The Star Trek Transporter: Too Easy?

The Transporter has been a fixture of the Star Trek universe since the first series in it, The Original Series (TOS) of 1966-69. It is a teleportation or matter-transmission device that can both transmit and receive without needing anything at the other end.

As he relates in his book The Trouble With Tribbles, author David Gerrold first saw Star Trek, he refused to believe that its Transporter was possible, because long-distance teleportation needs both a transmitter device and a receiver device. He later conceded that nobody really knows whether or not long-distance teleportation was feasible without a device at each end.

DG went on to write the eponymous ST:TOS episode for that book, an episode that featured cute fuzzy “tribbles” that multiply uncontrollably and make themselves a nuisance. He also went on to wrote The World of Star Trek, where he very strongly criticized several of TOS’s problems, including the Transporter.

It was added to the series because its special effects for it were much cheaper than the special effects for the alternatives. These were (1) an aircraft-carrier-sized interstellar spaceship landing and taking off, and (2) an RV-sized shuttlecraft departing from the spaceship, landing, taking off, and arriving again.

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The Most Famous Negative Result

In my previous entry, I had discussed how research in the harder sciences tends to get more negative results than research in the softer sciences. Here, I will discuss what is one of the most famous negative results of all of the history of science, if not the most famous.

The Michelson-Morley experiment.

To understand why it is so important, consider that by the late nineteenth century, two enormously successful physical paradigms had emerged. The first was Newtonian mechanics, encompassing Sir Isaac Newton’s laws of motion, his law of gravity, and some related theories. It successfully accounted for the motions of the larger bodies in the Solar System, even enabling the discovery of a planet: Neptune. The second was electricity, magnetism, light, and their interactions, collectively electromagnetism. They were successfully unified by the work of James Clerk Maxwell, working from a lot of previous work on electric and magnetic fields and their sources and interrelationships.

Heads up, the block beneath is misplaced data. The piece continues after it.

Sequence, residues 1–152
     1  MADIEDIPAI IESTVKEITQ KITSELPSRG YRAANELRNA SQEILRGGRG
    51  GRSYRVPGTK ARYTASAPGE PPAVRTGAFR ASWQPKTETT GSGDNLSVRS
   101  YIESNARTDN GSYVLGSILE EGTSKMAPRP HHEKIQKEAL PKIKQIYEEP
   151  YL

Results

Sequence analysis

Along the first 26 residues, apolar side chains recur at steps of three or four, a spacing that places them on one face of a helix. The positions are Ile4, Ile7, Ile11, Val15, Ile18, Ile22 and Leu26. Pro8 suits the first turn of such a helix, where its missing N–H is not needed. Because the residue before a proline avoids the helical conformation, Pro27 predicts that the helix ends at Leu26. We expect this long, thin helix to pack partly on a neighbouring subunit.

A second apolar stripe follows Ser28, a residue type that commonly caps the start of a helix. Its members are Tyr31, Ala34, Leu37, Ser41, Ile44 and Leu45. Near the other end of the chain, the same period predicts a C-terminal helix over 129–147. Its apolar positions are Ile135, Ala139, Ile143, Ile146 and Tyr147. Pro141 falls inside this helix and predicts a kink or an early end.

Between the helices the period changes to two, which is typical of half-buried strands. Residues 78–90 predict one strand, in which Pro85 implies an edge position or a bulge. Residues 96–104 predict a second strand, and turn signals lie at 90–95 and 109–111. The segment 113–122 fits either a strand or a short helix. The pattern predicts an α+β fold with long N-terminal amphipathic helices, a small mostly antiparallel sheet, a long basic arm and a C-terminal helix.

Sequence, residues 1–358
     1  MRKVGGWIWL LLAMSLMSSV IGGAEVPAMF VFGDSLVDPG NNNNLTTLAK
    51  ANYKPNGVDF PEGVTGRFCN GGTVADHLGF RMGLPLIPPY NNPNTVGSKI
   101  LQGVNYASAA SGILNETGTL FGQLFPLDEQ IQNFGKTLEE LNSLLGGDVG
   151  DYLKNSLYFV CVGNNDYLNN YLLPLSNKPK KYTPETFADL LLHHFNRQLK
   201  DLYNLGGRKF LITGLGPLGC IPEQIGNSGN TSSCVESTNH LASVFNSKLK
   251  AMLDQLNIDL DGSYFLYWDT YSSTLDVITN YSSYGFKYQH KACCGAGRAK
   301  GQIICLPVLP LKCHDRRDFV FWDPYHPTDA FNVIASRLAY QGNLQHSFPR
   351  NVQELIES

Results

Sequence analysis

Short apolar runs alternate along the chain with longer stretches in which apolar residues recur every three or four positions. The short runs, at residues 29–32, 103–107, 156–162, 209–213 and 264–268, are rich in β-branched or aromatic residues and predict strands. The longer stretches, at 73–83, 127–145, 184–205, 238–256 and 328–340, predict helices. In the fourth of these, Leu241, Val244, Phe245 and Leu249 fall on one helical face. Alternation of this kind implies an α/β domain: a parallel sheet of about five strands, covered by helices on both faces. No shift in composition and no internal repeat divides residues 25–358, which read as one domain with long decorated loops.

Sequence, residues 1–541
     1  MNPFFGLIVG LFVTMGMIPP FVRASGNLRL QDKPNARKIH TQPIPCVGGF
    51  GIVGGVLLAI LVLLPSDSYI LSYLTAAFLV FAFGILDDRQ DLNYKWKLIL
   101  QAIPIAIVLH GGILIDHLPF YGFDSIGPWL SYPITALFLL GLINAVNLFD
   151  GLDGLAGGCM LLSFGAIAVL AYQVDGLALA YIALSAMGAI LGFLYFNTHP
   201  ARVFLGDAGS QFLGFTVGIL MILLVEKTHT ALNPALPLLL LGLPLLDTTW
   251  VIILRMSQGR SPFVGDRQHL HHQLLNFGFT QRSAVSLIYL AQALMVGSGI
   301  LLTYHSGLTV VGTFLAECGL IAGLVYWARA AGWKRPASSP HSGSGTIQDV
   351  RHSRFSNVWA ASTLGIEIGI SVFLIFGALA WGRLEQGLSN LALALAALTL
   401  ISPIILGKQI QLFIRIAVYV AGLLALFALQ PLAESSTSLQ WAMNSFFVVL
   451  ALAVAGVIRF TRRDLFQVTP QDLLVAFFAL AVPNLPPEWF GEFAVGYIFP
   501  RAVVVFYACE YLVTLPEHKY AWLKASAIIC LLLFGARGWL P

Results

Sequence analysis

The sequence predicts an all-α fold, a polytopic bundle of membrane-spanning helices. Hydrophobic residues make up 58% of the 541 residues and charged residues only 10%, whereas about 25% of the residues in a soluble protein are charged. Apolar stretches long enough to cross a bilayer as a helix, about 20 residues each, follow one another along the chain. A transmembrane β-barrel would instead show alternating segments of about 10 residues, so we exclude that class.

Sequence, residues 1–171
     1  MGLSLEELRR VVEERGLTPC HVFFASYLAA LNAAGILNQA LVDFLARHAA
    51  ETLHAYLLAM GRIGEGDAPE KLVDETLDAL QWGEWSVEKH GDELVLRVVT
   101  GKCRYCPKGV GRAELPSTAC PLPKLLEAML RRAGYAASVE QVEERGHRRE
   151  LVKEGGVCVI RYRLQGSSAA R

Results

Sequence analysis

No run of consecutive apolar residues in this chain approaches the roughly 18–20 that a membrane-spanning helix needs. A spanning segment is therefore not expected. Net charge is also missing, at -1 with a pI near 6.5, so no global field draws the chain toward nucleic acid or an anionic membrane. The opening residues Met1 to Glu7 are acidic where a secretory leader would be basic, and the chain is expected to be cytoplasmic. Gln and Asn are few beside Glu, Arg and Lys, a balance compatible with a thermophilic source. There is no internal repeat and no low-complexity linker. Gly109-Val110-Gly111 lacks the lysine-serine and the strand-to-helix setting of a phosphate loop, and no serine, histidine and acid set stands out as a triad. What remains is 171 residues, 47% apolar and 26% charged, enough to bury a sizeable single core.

But these two paradigms could not be reconciled.

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Science: Hard vs. Soft

For nearly 200 years, many people have long had an intuitive sense of a hierarchy of the sciences, from “hard”, well-established, rigorous, and precise, to “soft”, the opposite.

  • Physical sciences: hard
  • Biological sciences: medium
  • Social sciences: soft

This intuition is supported by a wide range of assessments and measurements, and a recent one is in PLOS ONE: “Positive” Results Increase Down the Hierarchy of the Sciences, with greater softness meaning more positive reported results.

Controlling for observed differences between pure and applied disciplines, and between papers testing one or several hypotheses, the odds of reporting a positive result were around 5 times higher among papers in the disciplines of Psychology and Psychiatry and Economics and Business compared to Space Science, 2.3 times higher in the domain of social sciences compared to the physical sciences, and 3.4 times higher in studies applying behavioural and social methodologies on people compared to physical and chemical studies on non-biological material. In all comparisons, biological studies had intermediate values.

Author Daniele Fanelli continues in his paper,

… in some fields of research (which we will henceforth indicate as “harder”) data and theories speak more for themselves, whereas in other fields (the “softer”) sociological and psychological factors – for example, scientists’ prestige within the community, their political beliefs, their aesthetic preferences, and all other non-cognitive factors – play a greater role in all decisions made in research, from which hypothesis should be tested to how data should be collected, analyzed, interpreted and compared to previous studies.

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Time-Period Punk Genres